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Alums Sue American University Over Gay Newsletter Prank

Two alums of American University are suing the school, according to the afer a newsletter went out to fellow classmates identifying them as recently married "life partners". The newsletter also reportedly said they were "leaders of a nonexistent group called the Gay Rights Brigade."

Americanuniversity"Ross Weil, 29, and Brett Royce, 28, college buddies and former New York housemates, filed a $1.5 million defamation suit against American University in Manhattan federal court on Aug. 30, claiming the school acted maliciously and with 'gross negligence' by printing the announcement. The Class Notes section of the spring edition of American Magazine, a quarterly publication for the Washington, D.C., university, asserted that Weil and Royce tied the knot in Boston on June 10, 2006.... The lawsuit declares both men have been harmed by the newsletter's mistake - even though they say there's nothing wrong with being gay. 'It has nothing to do with homophobia,' [lawyer Michael] Kaufman insisted."

GAY HANKY-PRANKY SPURS $1.5M ALUM-LETTER LAWSUIT [ny post]

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Comments

  1. The stupidest part of this is that if they HAD NOT sued, no one other than the handful of alums who had read that item would know. Now that they made the Post, their douchebag-ness will be well-known.

    Posted by: tjc | Sep 10, 2007 10:46:34 AM


  2. I hope American University pays millions for ruining Ross and Brett's lives with these outrageous claims of homosexual activity... even though "there's nothing wrong with being gay."

    *fart*

    Posted by: JOHN IN MANHATTAN | Sep 10, 2007 11:43:00 AM


  3. I'll be so glad when we finally get to the point that calling someone gay won't be considered grounds for a defamation suit any more than calling someone Catholic, Jewish, or German would be.

    I'll also be glad to see the day when no one feels the need to put the words "accused of being" or "admits to being" directly in front of the word "gay".

    And finally, I'll be glad to see the day when no politician, celebrity or sports star feels the need to call a news conference to deny the "charges" of homosexuality with some lame line like, "I am NOT gay; I have NEVER been gay".

    I'm not gonna hold my breath though.

    Posted by: Zeke | Sep 10, 2007 11:57:32 AM


  4. If there's nothing wrong with being gay, then how exactly were the men harmed? Where is the defamation?

    Posted by: Gregg | Sep 10, 2007 12:00:41 PM


  5. Yes, it is a sad world we live in when being called a homosexual can "hurt" someone's lives, but that's not really the point here. Their lawsuit is perfectly justified. It is those who falsely reported lies who are the homophobes here. If the intent was malicious to embarrass or insult the two men by calling them gay, then those who are responsible should have to pay for that and they are the people we (gay people) should be angry at here. They are calling someone gay as an insult to mock them. That's totally unacceptable. Don't make villians out of the men filing the lawsuit. Gay people themselves are harmed everyday in society for being gay. Now, we can smile and say to these guys, "...now you know how it feels", but again, they're not the ones initially responsible for perpetuating the idea that being called gay is an insult, it's whoever falsely reported the lie with malicious intent by making "being gay" an insult to mock.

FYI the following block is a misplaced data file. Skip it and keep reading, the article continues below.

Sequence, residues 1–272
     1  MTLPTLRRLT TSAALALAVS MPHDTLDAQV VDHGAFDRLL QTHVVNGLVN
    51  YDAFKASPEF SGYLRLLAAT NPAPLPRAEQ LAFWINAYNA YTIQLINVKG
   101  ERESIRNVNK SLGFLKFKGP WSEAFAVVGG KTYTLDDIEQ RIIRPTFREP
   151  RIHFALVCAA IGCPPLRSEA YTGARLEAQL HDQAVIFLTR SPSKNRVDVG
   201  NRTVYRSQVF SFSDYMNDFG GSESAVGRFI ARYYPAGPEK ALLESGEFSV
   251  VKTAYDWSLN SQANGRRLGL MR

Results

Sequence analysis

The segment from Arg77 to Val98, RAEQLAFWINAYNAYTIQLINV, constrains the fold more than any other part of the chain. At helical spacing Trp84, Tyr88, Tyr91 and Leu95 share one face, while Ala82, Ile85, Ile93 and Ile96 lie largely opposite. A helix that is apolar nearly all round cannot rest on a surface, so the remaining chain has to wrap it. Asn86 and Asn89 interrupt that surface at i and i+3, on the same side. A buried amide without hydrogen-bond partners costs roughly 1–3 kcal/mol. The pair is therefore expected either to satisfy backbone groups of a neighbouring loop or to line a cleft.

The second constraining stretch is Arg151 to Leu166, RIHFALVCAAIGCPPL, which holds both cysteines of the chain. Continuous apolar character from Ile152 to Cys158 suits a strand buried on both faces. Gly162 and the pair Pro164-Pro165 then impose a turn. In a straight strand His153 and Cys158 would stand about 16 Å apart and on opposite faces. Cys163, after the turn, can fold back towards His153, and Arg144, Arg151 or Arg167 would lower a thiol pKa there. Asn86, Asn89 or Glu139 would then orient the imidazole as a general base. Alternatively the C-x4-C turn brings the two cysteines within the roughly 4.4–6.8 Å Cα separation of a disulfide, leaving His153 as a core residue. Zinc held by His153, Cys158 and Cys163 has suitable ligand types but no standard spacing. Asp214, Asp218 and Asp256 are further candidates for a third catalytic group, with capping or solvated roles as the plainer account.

Posted by: Patrick | Sep 10, 2007 12:00:57 PM


  6. Yes, it is a sad world we live in when being called a homosexual can "hurt" someone's lives, but that's not really the point here. Their lawsuit is perfectly justified. It is those who falsely reported lies who are the homophobes here. If the intent was malicious to embarrass or insult the two men by calling them gay, then those who are responsible should have to pay for that and they are the people we (gay people) should be angry at here. They are calling someone gay as an insult to mock them. That's totally unacceptable. Don't make villians out of the men filing the lawsuit. Gay people themselves are harmed everyday in society for being gay. Now, we can smile and say to these guys, "...now you know how it feels", but again, they're not the ones initially responsible for perpetuating the idea that being called gay is an insult, it's whoever falsely reported the lie with malicious intent by making "being gay" an insult to mock.

    Posted by: Patrick | Sep 10, 2007 12:03:42 PM


  7. This would be borderline defamation as they are not famous, but they are just hoping to win the lottery with a settlement. No actual harm was done. These are tort claims under "false light" for non-public figures. Larry Craig is essentially trying to make a similar case against his arrest.